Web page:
“You are my real mother, aren’t you?” by Julia on her couch

Thursday January 10, 2019
8:54pm
5 minutes
Life After Life
Kate Atkinson

I used to want Zia Vilma to be my mother cause she knew how to french braid, and make her own halloween costumes, and turn an old pair of leggings into a choker with a broken heart earring as the pendant.

She was the only one spent time with us, who played cards with us when we were little and begging to sit at table with all the adults.
She lit up when she saw us.

My own mother was a little different than she is now. She used to scream at us more then. She used to whip her eyes shut when she was yelling out all her demons.
I hated that face she made. I was afraid of it. she couldn’t look us in the eye.

“Like when I need plumbing done” by Julia at her table


Friday, December 25, 2015
11:14am
5 minutes
Revolution
Russell Brand


I’ll call my Aunt Maureen when I need my taps to stop dripping, thank you very much. I don’t need to call some plumbing “aficionado” as you like to do. My aunt Maureen, she’s a self-made woman! She didn’t have to go to plumbing school to learn about the world in a different way than she was used to. Her man was a no-good and he left, or she kicked him out, and she taught herself how to fix leaky faucets, leaky pipes, floor boards, and window cracks. It’s amazing. She doesn’t need anybody but herself and some tools and a can do attitude. So that’s who I want in my bathroom if push ever comes to shove! At least I know my aunt Maureen would take her shoes off before she tracks mud through my entire house! And when she’s done maybe the two of us can sit down over a spiked ice tea and talk about the real stuff.

“Behind the new shopping centre” by Sasha on the Queen Streetcar going West


Thursday December 19, 2013
7:42pm
5 minutes
The Globe and Mail
Thursday December 19, 2013


I am the sort of woman who brews strong coffee
I wear rubber boots with pride
I curse like I drive long highway nights
I find a promise behind the new shopping centre
I’ve been trying to avoid it
(Both the promise and the mall)
But I find myself pulled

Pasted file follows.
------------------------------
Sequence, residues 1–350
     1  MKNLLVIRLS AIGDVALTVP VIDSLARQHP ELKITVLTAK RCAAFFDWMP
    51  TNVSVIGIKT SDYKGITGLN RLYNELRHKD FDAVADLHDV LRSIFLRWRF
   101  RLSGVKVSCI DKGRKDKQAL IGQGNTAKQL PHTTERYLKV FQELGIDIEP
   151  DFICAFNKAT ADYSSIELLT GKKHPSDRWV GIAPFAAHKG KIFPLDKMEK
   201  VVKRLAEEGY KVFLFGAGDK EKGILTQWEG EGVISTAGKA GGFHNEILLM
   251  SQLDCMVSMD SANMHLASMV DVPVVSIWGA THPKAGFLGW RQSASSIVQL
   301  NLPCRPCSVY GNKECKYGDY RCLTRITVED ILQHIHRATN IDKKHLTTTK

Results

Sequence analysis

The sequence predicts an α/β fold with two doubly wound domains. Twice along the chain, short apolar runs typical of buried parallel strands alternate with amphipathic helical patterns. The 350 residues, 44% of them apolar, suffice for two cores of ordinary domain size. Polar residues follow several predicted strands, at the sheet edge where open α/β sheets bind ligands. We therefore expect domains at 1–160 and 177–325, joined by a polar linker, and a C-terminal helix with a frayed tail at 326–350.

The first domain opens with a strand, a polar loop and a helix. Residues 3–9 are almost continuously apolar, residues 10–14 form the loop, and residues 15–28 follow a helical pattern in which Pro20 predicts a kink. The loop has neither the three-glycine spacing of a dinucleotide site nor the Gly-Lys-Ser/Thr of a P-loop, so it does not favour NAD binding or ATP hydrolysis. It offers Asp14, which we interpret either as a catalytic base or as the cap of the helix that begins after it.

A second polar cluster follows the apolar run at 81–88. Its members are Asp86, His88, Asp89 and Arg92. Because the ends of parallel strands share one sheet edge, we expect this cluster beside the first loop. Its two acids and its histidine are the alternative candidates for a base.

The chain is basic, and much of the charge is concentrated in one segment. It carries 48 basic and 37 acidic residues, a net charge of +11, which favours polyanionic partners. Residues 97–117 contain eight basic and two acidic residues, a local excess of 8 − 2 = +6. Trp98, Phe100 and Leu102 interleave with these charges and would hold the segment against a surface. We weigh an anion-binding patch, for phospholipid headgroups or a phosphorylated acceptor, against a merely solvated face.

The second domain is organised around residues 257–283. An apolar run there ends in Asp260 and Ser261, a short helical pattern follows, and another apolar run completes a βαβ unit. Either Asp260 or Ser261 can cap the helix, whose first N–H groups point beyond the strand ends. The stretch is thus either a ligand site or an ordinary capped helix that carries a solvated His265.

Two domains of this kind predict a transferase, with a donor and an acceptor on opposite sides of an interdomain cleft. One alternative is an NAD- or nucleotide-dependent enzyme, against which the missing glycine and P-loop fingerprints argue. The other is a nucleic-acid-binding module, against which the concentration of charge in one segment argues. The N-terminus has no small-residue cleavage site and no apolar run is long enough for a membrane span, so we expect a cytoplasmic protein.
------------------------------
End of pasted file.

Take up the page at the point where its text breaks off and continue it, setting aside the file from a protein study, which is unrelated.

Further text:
A moth to the light of the unknowing
The promise is to see each one of you
You and you and you and you
With compassion
With the knowledge that you’re trying your very best
You and you and you and even, yes, you
Sometimes I am the sort of woman
Who takes herself very seriously
Who
Last night’s lipstick staining this morning
Cries in the kitchen when a man
Her man
Tells her what he found
Behind the new shopping centre
Tells her that he, too
Is looking for a promise
But his is threaded
Wedded
to his father
And his aunts
And his mother
In her fierce fragility

“the only kind there is.” by Sasha at Cafe Pamenar


Thursday April 25, 2013 at Cafe Pamenar
2:40pm
5 minutes
from a quote by Carl Jung

My Aunt Genevieve believes a real woman wears Parisian perfume. Genevieve is almost my Grandma, ‘cuz my real Grandma died before I was born and Genevieve was her twin sister. It works out for the better ‘cuz from when Genevieve says Grandma was a real pill. When Aunt Genevieve was seventeen she moved to France for love. She met a very handsome, drop-dead-gorgeous man named Fillipe at the beach in Muskoka and then, by the end of September, she was with him in his bachelor apartment on the Champs-Élysées. She said, “My Mama and my Papa were as angry as magpies but if I didn’t follow my Fillipe my heart would’ve broken”. It broke anyway, but not because of him. Her twin sister, my Grandma, died when she was way too young. My Mom was only three. Aunt Genevieve says that when your twin dies it feels like a phantom limb. Fillipe and Genevieve got married but they didn’t have kids, which was a really rebellious act in that day and age.